Many placenames use natural features of the landscape. Cloch means stone and is used by itself as in Clough, Co Antrim, or in combination with another word, such as in Cloughcor, Co Tyrone, (close to Stoneypath which gives an indication of the landscape).
Another common feature of placenames is creag which means rock. Creggan in Derry comes from the diminutive of creag meaning little rock. It can also be anglicised as Carrick giving the term ‘rock’ to places such as Carricknamanna in Co Donegal.
A plain in Gaelic is often known as magh or machaire. So Maygannon (Magh gCannann), in Co Down, is the plain of the white faced cows and Magherabeg (Machaire Beag) in the same county means small plain.
Mountain is sliabh in Gaelic, aften anglicised as Slieve. Many mountains in the Mourne Mountains have sliabh in them. Two in particular Slieve Meelmore and Slieve Meelbeg are sometimes thought to be derived from big bald mountain and little bald mountain. They are ‘bald’ because, unlike many other peaks in the Mournes, they lack granite tors.
A hill is cnoc, sometimes anglicised to Knock and sometimes to Crock. Crockalough in County Donegal would be an example of the later. Droim means ridge and this is a very common element of placenames from Drumahoe to Drumbo.
It is thought that rivers have particularly ancient names. Banna is Gaelic for goddess and gives its name directly to the Bann. Abhainn is also used for many rivers such as the Owencarrow in Co Donegal.
Some rivers are called after their colours, an example being the River Roe in Co Londonderry, from rua (red). Mouth is béal and this term refers too to the mouth of a river, for example.It is used in Belfast (béal feirste – the mouth of the Farset River, which flows into the River Lagan at the point where the city grew up).
The Gaelic for bog is mona – Drumona is ‘the ridge of the bog’. Carry is the local name for a weir in many parts of Ireland and it is a straight lift from the Gaelic word cora meaning weir. Ballycarry in Co Antrim means town of the weir, for example. Inis (island) can be anglicised as Inch, Ennis or Inish and has given its name to Inch Island and Inishowen, both in Donegal, to Enniskillen in Co Fermanagh and to many other places.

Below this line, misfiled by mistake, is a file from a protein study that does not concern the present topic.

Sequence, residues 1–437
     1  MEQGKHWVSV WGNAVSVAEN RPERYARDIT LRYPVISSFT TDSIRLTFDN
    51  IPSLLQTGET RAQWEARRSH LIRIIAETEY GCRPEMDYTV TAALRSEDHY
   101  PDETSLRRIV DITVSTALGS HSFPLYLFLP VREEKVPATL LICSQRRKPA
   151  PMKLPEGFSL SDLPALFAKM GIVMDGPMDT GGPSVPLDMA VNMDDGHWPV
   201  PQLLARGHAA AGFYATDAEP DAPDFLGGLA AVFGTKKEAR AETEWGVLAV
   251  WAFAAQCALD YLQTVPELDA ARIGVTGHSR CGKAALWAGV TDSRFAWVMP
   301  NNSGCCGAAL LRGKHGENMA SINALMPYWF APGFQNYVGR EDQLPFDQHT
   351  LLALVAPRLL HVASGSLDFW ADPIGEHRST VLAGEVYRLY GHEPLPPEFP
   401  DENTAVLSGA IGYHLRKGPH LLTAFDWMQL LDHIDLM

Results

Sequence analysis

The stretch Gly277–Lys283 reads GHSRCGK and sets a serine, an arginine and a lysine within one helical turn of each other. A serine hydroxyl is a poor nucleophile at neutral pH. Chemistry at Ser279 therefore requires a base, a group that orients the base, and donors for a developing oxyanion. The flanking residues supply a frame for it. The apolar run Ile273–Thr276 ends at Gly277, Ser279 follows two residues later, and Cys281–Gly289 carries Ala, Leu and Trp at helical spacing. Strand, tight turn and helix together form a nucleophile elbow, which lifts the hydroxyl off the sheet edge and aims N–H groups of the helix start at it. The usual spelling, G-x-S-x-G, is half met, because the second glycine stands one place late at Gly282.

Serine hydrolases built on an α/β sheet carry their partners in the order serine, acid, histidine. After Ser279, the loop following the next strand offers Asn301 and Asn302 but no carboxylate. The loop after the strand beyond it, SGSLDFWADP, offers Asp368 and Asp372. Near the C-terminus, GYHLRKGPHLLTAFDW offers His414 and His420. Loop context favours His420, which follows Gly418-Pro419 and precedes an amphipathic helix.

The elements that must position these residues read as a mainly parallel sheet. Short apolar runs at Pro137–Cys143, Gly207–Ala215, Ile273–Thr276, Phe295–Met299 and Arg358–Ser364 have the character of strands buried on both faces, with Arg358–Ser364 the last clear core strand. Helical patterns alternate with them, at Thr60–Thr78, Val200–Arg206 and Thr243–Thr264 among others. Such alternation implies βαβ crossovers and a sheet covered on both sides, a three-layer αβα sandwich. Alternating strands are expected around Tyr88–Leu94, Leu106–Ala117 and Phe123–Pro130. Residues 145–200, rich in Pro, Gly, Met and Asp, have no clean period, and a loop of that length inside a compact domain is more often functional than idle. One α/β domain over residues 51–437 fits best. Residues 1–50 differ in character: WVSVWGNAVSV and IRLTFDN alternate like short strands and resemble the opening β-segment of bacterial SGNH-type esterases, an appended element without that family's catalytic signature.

Another source for placenames is personal names of people associated with a place. Inishowen is named after Eoghan, one of the sons of Niall of the Nine Hostages who was taken there. Tyrone (Tir Eoghan) – the land of Owen – is also thought to be named after this Eoghan.
Many other places too are named after people who are associated with the land. Ballymartin in Co Down is derived from Baile Mhic Giolla Mhártain, or Gilmartin's Townland. Lismacloskey, close to Toome in Co Antrim, is from Lios Mhic Bhloscaidh – MacCluskey's fort.
Some placenames, such as Strangford and Carlingford, seem to be derived from Norse. Others are Ulster-Scots in origin. Whappstown in County Antrim, for example, owes its name to whaup, the name given by many Ulster-Scots people to the curlew. According to the Down Survey in 1662 it was called Crewganisseran. By the time of the Ordnance Survey in 1833 it had become Whappstown. Similarly, Clatterknowes and Loanends, close by in Co Antrim, derive from Ulster-Scots.
English placenames also occur. There are many clachans with English names such as Dunlopstown or Carsonstown. Some of these may be translations from the Gaelic but many reflect settlements formed in plantation times. Yet others are descriptive, such as Black Hill and Whitehead. Gracehill in Coy Antrim is a Monrovian settlement founded in the eighteenth century in the townland of Ballykennedy and named at that time.
By Stephen Roulston